Botanical Name: Clappertonia ficifolia
Synonyms: Honkenya ficifolia Willd.
Common Name : Bolo Bolo
Habitat:: Clappertonia ficifolia is native to tropical Africa – Senegal to Sudan, south to Angola and Mozambique. IIt grows on swampy grassland, marshy places, stream-banks, valleys, fallow rice fields; forest fringes, thickets on margins of damp depressions; at elevations of 1,100 – 1,200 metres.
Clappertonia ficifolia is an erect evergreen perennial shrub, growing 2.5 m (8ft) by 1.5 m (5ft) at a fast rate. The stem covered by stellate hairs of brown-orange colour and reddish young branches. The leaves, on a 0,5-1 cm long petiole covered by short reddish down, are alternate, very variable, oblong-ovate to 3-7-lobed, with rounded apex and toothed margins, 4-13 cm long and 1,5-10 cm broad, wrinkled aboven covered by short and dense tawny down below. Terminal inflorescences, about 15 cm long, bearing few bisexual flowers usually tetramerous, of 6-9 cm of diameter, with oblong-linear petaloid sepals, 3-4 cm long and 0,4-0,6 cm broad, of pink to purple red colour, unguiculate petals (petals with long narrow base similar to a stem) with obovate lamina, 3-4,5 cm long and 2-3 cm broad, of pink to bright blue mauve colour, rarely white, numerous fertile stamina and yellow or pink staminodes and superior ovary.
The fruits are oblong dehiscent capsules, 3-6 cm long and of 1,5-2,5 cm of diameter, covered by thick and hispid hairs surmounted by bristles, containing numerous globose seeds slightly flattened, of about 2 mm of diameter, greyish. It reproduces by seed, in organic loam with addition of sand or of agri-perlite per a 30% maintained constantly humid at the temperature of 24-26 °C, and by cutting.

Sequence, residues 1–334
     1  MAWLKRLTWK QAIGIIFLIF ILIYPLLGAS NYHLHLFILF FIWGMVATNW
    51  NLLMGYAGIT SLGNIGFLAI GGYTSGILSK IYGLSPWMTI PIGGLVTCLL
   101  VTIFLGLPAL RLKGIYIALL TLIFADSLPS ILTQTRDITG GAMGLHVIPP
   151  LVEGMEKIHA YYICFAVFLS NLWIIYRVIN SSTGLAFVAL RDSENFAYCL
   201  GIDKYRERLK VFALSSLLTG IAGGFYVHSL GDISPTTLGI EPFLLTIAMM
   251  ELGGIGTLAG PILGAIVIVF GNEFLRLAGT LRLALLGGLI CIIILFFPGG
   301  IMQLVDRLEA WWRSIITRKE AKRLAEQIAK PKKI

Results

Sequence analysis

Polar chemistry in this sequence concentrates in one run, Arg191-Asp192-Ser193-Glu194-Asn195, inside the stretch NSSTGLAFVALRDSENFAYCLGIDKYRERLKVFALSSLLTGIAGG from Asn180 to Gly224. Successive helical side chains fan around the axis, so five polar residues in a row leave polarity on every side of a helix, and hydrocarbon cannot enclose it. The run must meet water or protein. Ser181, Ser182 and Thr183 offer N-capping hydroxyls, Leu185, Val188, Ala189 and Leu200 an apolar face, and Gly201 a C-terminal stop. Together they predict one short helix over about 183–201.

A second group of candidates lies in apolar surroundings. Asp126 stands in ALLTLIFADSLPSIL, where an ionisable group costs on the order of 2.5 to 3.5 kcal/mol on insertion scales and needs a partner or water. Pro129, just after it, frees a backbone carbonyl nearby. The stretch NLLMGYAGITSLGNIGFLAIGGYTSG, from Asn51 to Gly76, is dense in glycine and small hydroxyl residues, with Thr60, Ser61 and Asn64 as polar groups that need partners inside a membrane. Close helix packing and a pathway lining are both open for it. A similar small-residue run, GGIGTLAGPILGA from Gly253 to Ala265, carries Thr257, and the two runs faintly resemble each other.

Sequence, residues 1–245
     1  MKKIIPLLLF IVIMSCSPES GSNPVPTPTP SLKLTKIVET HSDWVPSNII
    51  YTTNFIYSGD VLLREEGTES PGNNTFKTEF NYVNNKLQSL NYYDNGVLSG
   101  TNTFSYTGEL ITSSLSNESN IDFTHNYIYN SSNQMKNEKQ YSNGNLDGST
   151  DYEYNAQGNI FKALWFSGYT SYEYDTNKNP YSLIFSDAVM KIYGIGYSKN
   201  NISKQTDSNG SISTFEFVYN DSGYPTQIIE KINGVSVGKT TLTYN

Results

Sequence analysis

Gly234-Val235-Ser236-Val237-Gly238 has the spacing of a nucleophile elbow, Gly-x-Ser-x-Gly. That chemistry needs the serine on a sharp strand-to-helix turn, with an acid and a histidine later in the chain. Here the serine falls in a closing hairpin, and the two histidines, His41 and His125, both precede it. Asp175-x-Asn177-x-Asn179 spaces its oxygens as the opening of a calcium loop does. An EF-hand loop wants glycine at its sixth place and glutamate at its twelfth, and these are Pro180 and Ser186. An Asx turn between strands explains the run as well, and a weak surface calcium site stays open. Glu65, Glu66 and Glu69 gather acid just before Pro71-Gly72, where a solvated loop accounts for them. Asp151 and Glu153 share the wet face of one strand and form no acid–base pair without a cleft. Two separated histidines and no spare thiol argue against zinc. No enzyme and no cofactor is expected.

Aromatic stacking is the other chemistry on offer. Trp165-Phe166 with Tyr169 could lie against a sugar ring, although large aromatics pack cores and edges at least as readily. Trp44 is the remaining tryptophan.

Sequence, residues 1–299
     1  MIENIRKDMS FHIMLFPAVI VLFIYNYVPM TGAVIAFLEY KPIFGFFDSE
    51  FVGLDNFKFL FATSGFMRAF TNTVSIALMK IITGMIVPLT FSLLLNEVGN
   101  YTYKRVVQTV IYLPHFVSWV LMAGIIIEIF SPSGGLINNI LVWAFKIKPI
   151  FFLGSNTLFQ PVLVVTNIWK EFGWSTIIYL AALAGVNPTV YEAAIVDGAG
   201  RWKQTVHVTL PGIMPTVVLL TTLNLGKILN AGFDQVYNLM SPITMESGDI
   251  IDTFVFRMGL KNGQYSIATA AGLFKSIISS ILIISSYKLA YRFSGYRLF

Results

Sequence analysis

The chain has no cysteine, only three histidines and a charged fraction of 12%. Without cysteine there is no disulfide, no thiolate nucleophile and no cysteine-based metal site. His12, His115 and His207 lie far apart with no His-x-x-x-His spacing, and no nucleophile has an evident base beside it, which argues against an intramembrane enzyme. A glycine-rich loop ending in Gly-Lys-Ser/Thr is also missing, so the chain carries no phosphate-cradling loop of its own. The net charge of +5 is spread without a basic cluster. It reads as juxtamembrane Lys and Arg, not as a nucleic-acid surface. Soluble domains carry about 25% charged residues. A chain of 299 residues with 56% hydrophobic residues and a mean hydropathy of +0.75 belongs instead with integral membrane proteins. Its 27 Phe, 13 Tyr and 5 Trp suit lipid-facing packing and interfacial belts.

Clappertonia ficifolia occurs from sea-level up to 1200 m altitude in swamps, riverine and swampy forest, forest fringes and thickets. In fallow land it can become dominant or even form an almost pure, dense stand and these populations are often exploited for fibre production. Clappertonia ficifolia is widespread and behaves as a weed in fallows. Hence, there do not seem to be threats of genetic erosion.
Propagation is possible by either root cuttings or seeds. Experiments in Nigeria just after the Second World War showed that an excellent fibre could be obtained when the stems of flowering plants were retted for about 28 days.
In traditional medicine in DR Congo the leaves are used as a cure for liver malfunction.
The stems are a source of a valuable fibre that resembles jute (Corchorus spp.). The fibre is used for making rope, twine, cordage and mats, nets, hammocks, fish traps and paper pulp . Clappertonia ficifolia is one of the fibre-producing species within the mandate of the International Jute Study Group (formerly the International Jute Organization) together with jute (Corchorus spp.), kenaf (Hibiscus cannabinus L.), roselle (Hibiscus sabdariffa L.) and Urena lobata L. Although most research attention is directed to Corchorus olitorius L., the prospects for natural fibres are such that attention should be given to Clappertonia spp. as well. Widely planted in gardens as an ornamental.
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